Where feature films conform to the three-act structure of drama, movie short subjects are more like short stories.
"The Shore," the best among this year's Oscar nominees for live-action shorts, has the surprise twist of an O. Henry tale. Written and directed by Terry George, the Northern Irish filmmaker behind Hotel Rwanda and In the Name of the Father, this vignette set in Belfast stars Ciaran Hinds as an accidental activist who left for the United States to avoid arrest during the Troubles, and Conleth Hill as his estranged friend left behind. When Hinds' daughter, nicely played by Kerry Condon, tries to reunite the men, she doesn't know whether they will come to blows or come together.
From Ireland comes "Pentecost," a slapstick comedy that likens the Church to the church of soccer. The focus is on a priest who prepares his altar boys for the World Cup of Masses: the return of a local hero, now an archbishop, to his parish church. The priest addresses his soccer-mad altar boys as a coach might his players: "Now, go out and have the Mass of your life!" Will the youth who mistook a censer for a soccer ball be permitted to officiate? It may be a one-joke movie, but the joke is irreverent fun that stops just short of the sacrilegious.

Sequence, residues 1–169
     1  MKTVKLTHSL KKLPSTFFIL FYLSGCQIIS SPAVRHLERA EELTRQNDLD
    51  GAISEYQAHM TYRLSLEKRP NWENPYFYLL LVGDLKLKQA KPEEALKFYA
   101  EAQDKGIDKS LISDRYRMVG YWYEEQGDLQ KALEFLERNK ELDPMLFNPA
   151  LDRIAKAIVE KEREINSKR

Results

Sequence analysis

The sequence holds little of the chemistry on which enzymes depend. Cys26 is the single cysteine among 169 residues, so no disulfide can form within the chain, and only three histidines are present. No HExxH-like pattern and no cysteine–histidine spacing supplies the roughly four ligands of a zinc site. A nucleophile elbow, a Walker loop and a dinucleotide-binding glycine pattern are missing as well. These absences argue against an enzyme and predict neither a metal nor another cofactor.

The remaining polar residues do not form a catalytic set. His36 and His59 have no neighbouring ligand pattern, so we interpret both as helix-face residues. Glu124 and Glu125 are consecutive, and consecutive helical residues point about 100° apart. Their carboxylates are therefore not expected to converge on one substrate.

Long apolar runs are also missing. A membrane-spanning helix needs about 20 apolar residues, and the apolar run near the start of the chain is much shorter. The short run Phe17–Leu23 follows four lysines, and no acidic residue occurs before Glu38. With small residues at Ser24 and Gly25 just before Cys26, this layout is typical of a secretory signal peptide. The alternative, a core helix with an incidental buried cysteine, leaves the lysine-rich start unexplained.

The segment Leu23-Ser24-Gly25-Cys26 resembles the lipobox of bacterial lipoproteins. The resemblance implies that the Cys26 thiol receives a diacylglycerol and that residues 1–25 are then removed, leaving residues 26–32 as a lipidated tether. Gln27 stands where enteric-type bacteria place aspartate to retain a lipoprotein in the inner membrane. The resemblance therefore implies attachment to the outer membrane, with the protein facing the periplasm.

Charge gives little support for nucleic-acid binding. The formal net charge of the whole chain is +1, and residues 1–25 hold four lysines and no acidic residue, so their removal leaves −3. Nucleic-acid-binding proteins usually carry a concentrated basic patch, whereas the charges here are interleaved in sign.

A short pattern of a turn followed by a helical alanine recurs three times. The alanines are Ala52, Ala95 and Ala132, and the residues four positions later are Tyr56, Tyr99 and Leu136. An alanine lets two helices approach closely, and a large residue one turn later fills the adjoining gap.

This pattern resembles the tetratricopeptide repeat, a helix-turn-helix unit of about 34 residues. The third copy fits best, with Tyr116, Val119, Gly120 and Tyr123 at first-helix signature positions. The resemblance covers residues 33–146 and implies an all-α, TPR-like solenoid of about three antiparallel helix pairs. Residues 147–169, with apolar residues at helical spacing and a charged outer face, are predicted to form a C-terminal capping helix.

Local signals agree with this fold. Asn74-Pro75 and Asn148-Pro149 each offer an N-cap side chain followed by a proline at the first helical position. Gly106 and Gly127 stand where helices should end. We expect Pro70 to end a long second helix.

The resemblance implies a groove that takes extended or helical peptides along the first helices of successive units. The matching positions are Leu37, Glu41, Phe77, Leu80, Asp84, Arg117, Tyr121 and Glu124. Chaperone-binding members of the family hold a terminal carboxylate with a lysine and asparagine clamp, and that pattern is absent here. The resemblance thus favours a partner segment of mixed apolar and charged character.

"Raju," a German film set in India, is the one straight drama among the predominantly playful nominees. It centers on a German couple who arrive in Kolkata to adopt an orphan. On the way to the orphanage they are overwhelmed by the proximity of beauty and poverty. They are anxious about bonding with the unseen Raju, who turns out to be an outgoing 4-year-old with a smile like sunshine. The boy's mysterious disappearance leads his adoptive father on a search throughout the city, where he discovers more about Raju, and about himself.
If "The Shore" doesn't take the Oscar, my bet is that Andrew Bowler's "Time Freak" will. This modest American sketch comedy stars Michael Nathanson as a shaggy physics student who builds a time machine. The reverse of Groundhog Day, the more the physicist attempts do-overs of his social failures, the more socially maladroit he becomes.
The black comedy "Tuba Atlantic," a short from Norway, takes place during the deathwatch over a crusty fisherman whose doctor gives him six days to live. The film's tone is both magic realist and surrealist, as if Ingmar Bergman directed a Monty Python sketch written by Elisabeth Kubler-Ross. As with "The Shore," this short touches on estrangement and connection: Said fisherman has not been in touch with his brother, who has emigrated to America. It also involves a hospice worker who may be the Angel of Death, a seagull holocaust, and a massive tuba that is kind of like Gabriel's horn. You've never seen anything like it.EndText